Tales of Successful Military Interventions: Yemen

Saudi Arabia and the rest of the coalition it bought assembled from other like-minded altrustic nations began bombing Houthi and Saleh-allied forces in Yemen on March 25. At the time, the map of Yemen looked like this:

Source: Wikipedia via Stratfor
Source: Wikipedia via Stratfor

Today, after a good two weeks of sustained bombing, the map of Yemen looks something like this:

Source: Stratfor
Source: Stratfor

Which means that two weeks of airstrikes meant to weaken and drive back the Houthi army in order to force them into some kind of peace deal with President Abd Rabbuh Mansur Hadi have seen the Houthis actually push further south to the point where they’re currently engaged in “intense” fighting against Hadi’s loyalist forces in the only major city Hadi still controls, Aden. They’ve also apparently taken the city of Ataq, to the east, which puts them within striking distance of Yemen’s economically crucial natural gas port at Balhaf. Oh, plus they captured the Yemeni army base on the Bab el-Mandeb strait, which is strategically placed at a bottleneck in the Red Sea where it meets the Gulf of Aden and on to the Arabian Sea. And, hey, Al Qaeda has taken the opportunity to help itself to some new territory as well. So, hearty congrats to the Saudis for further immiserating lots of people to no end whatsoever.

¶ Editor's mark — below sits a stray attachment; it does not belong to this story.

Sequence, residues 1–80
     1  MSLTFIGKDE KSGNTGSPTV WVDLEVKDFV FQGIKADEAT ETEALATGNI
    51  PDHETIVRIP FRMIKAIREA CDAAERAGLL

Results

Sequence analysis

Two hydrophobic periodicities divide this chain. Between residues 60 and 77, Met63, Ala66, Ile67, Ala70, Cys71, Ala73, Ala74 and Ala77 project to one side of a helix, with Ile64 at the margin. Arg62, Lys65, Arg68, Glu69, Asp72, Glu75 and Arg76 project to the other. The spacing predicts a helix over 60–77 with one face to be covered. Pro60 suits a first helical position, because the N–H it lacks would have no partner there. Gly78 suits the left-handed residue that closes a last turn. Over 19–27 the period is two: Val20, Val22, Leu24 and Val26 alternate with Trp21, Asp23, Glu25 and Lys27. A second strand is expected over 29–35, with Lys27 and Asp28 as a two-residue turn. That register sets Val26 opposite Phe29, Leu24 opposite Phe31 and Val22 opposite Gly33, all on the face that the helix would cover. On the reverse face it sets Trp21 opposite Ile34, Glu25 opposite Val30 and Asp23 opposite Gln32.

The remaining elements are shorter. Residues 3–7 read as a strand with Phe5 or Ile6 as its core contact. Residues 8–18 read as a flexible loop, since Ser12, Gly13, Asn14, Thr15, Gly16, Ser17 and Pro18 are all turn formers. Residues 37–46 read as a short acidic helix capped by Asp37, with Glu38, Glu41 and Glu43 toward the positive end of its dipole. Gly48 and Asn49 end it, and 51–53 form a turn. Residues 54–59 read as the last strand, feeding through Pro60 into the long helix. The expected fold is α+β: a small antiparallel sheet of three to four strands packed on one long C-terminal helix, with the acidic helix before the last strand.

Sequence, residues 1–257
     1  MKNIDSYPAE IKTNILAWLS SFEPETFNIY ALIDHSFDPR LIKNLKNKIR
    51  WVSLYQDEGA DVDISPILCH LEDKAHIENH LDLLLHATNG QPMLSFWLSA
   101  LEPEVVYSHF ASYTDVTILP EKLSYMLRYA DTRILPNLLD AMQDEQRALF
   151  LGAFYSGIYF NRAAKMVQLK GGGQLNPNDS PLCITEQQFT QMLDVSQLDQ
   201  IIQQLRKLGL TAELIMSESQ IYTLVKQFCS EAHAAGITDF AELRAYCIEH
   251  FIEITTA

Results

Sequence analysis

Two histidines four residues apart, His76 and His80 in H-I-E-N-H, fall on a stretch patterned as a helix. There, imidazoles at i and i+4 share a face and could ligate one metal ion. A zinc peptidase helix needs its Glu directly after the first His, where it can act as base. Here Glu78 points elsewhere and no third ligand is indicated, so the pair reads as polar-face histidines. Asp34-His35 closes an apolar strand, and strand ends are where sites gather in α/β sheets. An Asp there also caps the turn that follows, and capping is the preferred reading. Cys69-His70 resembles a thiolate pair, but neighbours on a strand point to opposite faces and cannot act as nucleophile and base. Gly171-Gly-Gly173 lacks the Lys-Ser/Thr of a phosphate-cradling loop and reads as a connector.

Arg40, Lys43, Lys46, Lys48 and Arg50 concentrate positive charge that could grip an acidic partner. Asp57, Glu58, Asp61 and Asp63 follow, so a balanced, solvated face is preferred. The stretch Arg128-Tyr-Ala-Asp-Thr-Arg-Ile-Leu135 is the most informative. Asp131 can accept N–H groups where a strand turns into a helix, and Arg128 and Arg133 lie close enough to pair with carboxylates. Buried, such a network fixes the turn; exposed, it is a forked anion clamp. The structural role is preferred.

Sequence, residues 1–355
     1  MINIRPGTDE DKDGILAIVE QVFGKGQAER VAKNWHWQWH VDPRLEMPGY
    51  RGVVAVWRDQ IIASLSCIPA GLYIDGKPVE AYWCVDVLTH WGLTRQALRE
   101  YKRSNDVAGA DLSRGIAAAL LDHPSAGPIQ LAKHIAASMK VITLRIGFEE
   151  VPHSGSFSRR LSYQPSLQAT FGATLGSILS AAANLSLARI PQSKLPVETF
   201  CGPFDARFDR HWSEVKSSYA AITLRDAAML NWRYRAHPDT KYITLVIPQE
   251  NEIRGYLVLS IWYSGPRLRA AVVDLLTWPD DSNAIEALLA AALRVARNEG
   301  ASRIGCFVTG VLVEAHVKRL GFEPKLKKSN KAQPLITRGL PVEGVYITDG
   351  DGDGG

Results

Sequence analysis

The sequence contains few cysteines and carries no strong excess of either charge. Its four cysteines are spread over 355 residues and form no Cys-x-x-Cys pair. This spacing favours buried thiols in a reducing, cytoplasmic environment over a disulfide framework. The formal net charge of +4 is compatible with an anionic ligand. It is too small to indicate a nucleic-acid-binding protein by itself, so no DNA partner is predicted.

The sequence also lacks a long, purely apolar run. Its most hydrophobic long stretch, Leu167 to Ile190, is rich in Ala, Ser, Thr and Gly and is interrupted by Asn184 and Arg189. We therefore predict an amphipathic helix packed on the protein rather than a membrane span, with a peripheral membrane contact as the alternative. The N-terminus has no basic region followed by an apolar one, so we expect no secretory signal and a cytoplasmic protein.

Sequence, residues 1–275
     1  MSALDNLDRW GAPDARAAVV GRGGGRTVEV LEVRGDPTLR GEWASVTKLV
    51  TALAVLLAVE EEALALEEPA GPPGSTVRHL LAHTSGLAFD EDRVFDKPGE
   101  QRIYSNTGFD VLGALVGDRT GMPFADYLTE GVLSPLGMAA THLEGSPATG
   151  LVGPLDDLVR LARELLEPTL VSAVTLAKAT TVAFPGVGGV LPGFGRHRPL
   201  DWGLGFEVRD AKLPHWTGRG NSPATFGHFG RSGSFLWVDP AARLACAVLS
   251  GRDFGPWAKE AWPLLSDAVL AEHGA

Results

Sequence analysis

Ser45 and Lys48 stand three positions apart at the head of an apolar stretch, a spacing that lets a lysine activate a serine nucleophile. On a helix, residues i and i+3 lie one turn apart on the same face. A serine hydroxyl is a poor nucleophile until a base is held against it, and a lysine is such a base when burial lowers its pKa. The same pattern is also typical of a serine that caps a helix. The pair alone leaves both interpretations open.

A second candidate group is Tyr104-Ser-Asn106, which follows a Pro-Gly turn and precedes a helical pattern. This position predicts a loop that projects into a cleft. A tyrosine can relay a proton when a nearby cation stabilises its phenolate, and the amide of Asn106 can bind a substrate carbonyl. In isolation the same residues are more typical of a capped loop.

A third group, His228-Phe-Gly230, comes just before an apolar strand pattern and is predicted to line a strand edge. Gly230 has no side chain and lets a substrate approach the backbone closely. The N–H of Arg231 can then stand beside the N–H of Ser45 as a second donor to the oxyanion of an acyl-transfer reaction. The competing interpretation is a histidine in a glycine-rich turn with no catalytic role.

The airstrikes have always been a prelude to a Saudi-Egyptian ground invasion, which looks more likely now than ever, although if they were planning on landing troops along Yemen’s southern coast they seem to be running out of available places to do that.

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